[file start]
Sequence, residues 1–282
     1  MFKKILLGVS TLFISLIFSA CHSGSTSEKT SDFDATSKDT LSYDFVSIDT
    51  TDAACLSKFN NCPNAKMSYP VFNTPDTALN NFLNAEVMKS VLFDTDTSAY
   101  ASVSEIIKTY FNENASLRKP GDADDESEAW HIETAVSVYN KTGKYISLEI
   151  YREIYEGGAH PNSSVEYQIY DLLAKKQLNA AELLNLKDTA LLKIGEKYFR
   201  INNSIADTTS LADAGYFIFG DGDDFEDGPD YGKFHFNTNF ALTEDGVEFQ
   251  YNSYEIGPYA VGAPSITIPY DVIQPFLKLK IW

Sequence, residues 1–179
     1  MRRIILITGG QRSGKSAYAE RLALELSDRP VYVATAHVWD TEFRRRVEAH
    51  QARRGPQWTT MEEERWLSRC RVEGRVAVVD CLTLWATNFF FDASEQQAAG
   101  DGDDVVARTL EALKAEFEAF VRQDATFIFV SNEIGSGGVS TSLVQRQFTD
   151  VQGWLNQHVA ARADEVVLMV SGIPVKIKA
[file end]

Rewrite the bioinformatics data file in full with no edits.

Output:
Sequence, residues 1–282
     1  MFKKILLGVS TLFISLIFSA CHSGSTSEKT SDFDATSKDT LSYDFVSIDT
    51  TDAACLSKFN NCPNAKMSYP VFNTPDTALN NFLNAEVMKS VLFDTDTSAY
   101  ASVSEIIKTY FNENASLRKP GDADDESEAW HIETAVSVYN KTGKYISLEI
   151  YREIYEGGAH PNSSVEYQIY DLLAKKQLNA AELLNLKDTA LLKIGEKYFR
   201  INNSIADTTS LADAGYFIFG DGDDFEDGPD YGKFHFNTNF ALTEDGVEFQ
   251  YNSYEIGPYA VGAPSITIPY DVIQPFLKLK IW

Sequence, residues 1–179
     1  MRRIILITGG QRSGKSAYAE RLALELSDRP VYVATAHVWD TEFRRRVEAH
    51  QARRGPQWTT MEEERWLSRC RVEGRVAVVD CLTLWATNFF FDASEQQAAG
   101  DGDDVVARTL EALKAEFEAF VRQDATFIFV SNEIGSGGVS TSLVQRQFTD
   151  VQGWLNQHVA ARADEVVLMV SGIPVKIKA